Mai Tai Daze

by Katie Norton

Some people hate Waikiki.  Not me.  Most hotels had lounges with live music, either inside or around the pool.  Evenings were spent bar hopping up and down the strip, Kalakaua Avenue.  The bars stayed open till 4:00 a.m.  It was safe to walk at night in Waikiki as the place was crawling with cops, whose mission was to protect the golden goose, the tourists, from being mugged, while turning a blind eye to the selling of Maui Wowee and prostitution.  The tourists must have fun, after all.  I loved to stroll the beach under the moonlight, bits of music wafting and tiki torch lights playing on the water.  It was splendid, fabulous, shining and fun.  The people you met were all in good moods, on vacation, carefree, like being on a cruise ship.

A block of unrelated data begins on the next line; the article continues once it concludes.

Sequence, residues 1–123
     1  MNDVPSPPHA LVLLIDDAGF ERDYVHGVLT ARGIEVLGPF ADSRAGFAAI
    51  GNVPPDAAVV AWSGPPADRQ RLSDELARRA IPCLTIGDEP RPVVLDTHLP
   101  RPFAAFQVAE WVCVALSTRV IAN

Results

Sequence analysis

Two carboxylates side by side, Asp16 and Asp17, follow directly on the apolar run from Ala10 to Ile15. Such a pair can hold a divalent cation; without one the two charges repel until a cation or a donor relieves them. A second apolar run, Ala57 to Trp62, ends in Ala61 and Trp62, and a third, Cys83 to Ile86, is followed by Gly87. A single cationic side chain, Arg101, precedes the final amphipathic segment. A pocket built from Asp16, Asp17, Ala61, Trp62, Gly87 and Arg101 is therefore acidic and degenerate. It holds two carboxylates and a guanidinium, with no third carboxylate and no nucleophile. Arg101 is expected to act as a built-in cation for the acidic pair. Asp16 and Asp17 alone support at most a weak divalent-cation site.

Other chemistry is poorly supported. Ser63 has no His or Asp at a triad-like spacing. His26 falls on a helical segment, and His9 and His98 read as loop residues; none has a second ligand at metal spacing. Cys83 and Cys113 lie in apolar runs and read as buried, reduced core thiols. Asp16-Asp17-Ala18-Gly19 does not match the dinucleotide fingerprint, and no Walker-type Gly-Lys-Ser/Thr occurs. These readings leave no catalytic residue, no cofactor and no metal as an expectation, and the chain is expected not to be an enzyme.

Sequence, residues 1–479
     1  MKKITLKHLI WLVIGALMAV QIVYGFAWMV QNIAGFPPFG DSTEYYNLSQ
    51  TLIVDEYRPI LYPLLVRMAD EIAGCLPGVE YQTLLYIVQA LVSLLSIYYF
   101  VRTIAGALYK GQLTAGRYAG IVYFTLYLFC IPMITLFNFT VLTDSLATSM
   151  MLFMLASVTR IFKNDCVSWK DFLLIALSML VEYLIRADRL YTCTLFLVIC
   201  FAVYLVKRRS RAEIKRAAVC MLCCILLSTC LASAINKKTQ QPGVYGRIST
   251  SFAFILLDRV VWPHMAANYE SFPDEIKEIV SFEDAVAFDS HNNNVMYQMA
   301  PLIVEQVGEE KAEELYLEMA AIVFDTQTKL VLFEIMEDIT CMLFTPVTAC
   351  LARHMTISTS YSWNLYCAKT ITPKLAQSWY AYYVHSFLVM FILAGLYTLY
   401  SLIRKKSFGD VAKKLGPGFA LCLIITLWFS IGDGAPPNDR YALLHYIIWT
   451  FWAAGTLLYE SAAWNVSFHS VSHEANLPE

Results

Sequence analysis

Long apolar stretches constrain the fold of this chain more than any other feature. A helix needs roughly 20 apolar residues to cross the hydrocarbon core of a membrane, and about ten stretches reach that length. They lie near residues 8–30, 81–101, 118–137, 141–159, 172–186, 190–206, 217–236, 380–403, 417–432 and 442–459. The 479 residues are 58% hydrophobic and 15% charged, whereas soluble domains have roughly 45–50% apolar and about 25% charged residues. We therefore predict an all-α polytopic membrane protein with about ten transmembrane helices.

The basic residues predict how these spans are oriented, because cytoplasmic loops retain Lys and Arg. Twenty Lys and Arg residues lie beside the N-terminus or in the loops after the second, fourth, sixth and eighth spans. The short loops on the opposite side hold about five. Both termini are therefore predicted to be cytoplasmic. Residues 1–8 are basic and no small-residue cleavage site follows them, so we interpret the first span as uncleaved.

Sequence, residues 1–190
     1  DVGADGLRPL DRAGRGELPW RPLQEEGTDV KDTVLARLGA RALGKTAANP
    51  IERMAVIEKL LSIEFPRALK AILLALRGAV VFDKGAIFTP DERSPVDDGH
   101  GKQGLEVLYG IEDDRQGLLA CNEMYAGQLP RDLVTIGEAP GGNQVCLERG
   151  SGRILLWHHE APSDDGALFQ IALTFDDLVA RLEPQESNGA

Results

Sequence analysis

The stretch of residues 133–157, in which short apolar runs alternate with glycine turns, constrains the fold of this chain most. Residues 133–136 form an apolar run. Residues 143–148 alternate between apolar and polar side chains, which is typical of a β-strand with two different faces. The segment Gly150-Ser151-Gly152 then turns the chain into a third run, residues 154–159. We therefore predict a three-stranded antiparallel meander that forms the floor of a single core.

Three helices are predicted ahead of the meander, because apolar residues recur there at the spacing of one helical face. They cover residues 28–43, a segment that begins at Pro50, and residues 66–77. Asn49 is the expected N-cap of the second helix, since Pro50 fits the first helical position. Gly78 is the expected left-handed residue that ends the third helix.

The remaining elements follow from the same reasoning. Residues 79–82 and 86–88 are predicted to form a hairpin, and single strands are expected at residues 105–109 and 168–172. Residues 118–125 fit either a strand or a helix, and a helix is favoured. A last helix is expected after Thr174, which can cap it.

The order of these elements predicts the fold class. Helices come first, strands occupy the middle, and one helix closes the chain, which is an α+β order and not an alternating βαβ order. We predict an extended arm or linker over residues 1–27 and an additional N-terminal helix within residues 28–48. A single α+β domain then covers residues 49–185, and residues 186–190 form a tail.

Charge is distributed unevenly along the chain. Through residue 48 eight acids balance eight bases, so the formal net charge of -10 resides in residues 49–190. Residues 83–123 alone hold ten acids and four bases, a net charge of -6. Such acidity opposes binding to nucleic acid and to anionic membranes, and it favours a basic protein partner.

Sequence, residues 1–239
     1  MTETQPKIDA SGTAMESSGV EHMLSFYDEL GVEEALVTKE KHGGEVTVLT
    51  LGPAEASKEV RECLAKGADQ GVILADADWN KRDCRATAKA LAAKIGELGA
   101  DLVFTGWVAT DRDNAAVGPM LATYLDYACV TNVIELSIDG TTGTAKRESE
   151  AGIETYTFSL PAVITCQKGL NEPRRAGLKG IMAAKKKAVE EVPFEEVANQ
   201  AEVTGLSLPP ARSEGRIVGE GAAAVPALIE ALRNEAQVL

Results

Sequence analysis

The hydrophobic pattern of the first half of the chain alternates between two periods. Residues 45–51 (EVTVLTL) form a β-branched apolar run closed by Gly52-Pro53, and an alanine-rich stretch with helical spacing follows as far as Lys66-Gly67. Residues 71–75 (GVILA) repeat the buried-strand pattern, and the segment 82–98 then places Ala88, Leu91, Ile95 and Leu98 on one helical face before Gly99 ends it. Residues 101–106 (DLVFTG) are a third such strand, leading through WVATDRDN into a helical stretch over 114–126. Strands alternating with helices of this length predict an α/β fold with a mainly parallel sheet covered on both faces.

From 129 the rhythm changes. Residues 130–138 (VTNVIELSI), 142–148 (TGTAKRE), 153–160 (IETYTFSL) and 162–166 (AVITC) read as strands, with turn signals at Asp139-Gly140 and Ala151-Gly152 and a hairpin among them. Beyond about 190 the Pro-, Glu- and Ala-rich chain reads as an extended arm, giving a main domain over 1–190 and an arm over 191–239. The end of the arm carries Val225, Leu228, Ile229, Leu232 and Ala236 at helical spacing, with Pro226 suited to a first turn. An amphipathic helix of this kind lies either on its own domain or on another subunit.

Walking among the vacationers, the locals, the street people, the hustlers, looking in the shop windows at all the improbable things I would never buy:  designer clothes from Paris sold in this tropical wonderland to vacationing Japanese tourists; an entire store devoted to items with the Budweiser logo, which for some reason was a favorite of the Japanese.  Kuhio Avenue, on the back side of the International Marketplace, off the beaten path, was home to striving, second-rate businesses trying to separate the tourists from their money.  There you would find a three story shopping mall, crowned at the top with an enterprise catering to Japanese male tourists, red-faced and hopped up on lavish sake and sushi dinners.  The walls were bulletproof glass to reveal the action within.  Hot young Japanese women wearing short-shorts, spike heels, and tight tank tops that said “SWAT,” were teaching the men how to shoot guns, illegal in Japan, on an indoor shooting range.  The place was packed with excited men wanting to shoot guns with the girls.  Surreal to stumble upon that in a mai tai daze in the middle of the night, like a crazy dream.  I headed outside to take a deep cleansing breath of plumeria scented air mixed with diesel bus fumes.